Taxi and maxi cab owners fear loss of business
Even as the district administrations across the State have commenced impounding of government vehicles for election duty, maxi cab and taxi owners whose vehicles too are set to be requisitioned soon are fearing loss of tourist business during the summer holiday apart from their contracts.
In Bangalore Urban district, the process has started and the regional transport authorities impounded several cars belonging to Bruhat Bangalore Mahanagara Palike (BBMP), Excise Department and other departments on Wednesday and Thursday.
Bangalore Urban Deputy Commissioner V. Ponnuraj told The Hindu that the district administration is yet to finalise the number of vehicles required.
“As and when the requirement arises, we intimate it to the regional transport officers who impound vehicles and hand them over to us,” he said.
Regional Transport Officer, Bangalore Central, K.T. Halaswamy, said that Transport Department officials issue requisition letters to the departments from which the vehicle is sought.
If the vehicle is not handed over at the stipulated time, the officials would physically take possession wherever it is, be in the office or on the road, he said. RTOs in Bangalore are supposed to procure vehicles for 28 Assembly constituencies in Bangalore Urban and four segments in Bangalore Rural, he said.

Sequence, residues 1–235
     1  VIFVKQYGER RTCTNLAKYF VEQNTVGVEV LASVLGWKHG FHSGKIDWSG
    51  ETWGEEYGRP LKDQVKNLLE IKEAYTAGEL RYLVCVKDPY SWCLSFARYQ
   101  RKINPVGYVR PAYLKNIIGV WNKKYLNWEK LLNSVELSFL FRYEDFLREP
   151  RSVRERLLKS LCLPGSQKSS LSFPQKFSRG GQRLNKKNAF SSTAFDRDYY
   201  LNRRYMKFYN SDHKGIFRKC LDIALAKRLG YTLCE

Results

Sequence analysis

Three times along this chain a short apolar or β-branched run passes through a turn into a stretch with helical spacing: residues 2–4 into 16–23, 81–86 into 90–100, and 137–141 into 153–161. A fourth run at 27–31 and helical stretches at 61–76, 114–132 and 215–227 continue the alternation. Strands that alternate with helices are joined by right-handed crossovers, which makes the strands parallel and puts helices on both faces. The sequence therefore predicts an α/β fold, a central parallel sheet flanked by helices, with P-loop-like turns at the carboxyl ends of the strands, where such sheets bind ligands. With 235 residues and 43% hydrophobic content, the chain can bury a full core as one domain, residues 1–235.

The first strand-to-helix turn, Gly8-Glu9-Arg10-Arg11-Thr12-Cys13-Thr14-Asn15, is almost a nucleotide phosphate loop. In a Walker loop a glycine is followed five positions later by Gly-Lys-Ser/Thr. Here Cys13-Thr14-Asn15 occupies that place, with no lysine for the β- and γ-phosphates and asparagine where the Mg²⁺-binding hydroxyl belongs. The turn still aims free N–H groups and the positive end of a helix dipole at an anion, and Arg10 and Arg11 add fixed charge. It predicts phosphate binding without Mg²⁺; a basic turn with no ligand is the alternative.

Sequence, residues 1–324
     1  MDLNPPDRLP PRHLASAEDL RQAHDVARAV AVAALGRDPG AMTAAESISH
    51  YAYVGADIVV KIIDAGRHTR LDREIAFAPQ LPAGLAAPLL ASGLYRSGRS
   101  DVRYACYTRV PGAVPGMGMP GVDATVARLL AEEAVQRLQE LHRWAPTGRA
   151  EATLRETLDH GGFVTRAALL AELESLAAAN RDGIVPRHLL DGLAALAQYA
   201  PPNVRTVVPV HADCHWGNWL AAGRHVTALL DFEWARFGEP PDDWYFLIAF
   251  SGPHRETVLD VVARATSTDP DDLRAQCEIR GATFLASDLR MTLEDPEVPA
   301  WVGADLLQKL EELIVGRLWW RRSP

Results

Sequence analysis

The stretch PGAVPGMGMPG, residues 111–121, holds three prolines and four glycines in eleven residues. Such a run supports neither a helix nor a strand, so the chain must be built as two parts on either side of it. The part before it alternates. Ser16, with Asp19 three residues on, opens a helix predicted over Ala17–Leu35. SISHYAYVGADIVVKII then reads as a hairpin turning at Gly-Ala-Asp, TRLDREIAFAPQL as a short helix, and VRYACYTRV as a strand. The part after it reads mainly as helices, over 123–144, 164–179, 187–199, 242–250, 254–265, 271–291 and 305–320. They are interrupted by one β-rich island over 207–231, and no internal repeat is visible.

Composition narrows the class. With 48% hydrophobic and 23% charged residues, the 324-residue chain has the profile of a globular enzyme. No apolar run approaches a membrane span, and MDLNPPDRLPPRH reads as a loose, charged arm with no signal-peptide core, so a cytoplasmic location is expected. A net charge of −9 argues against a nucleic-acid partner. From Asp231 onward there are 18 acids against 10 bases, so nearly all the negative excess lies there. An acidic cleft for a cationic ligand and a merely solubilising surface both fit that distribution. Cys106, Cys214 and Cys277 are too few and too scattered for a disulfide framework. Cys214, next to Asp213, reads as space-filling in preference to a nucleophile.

With single phase polling and with the number of officials on election duty in the nature of micro observers and sectoral magistrates increasing, vehicles required this time would be more compared to the 2008 general elections, according to Bhairava Siddaramaiah, president of Karnataka Maxi Cab and Motor Cab Owners Association.
Mr. Siddaramaiah said that of the 1.5 lakh maxi and motor taxis in the State, about 10,000 vehicles are lying idle because of lack of drivers. “The RTOs are yet to intimate us about the requirement; but the requisition is bound to happen in the days to come,” he said.
Taxi owners are concerned over this on many counts. About 11,000 vehicles are contracted with IT and BT companies and owners are contractually bound to provide the promised service.
With shortage of drivers, whoever available is unwilling to perform duty continuously for 10 to 15 days even as they are not provided proper rest and other facilities.
Though the Election Commission pays the hire charges, payment takes longer putting owners into hardship, Mr. Siddaramaiah said. This is also peak season for taxis.
He said that providing cars might not be a big problem for operators; but they would find it difficult to provide buses and maxi cabs.
To minimise hardship to taxi owners, the election commission may utilise school buses as educational institutions are closed during the summer holidays, Mr. Siddaramaiah suggested.
Responding to this, Mr. Halaswamy said that taxi owners are legally bound to provide vehicles for election duty.
“Their services are not utilised for free and the commission pays attractive hire charges,” he said.
“Taxis would be requisitioned only when government vehicles are found insufficient and we are still in the process of impounding government vehicles,” the officer added.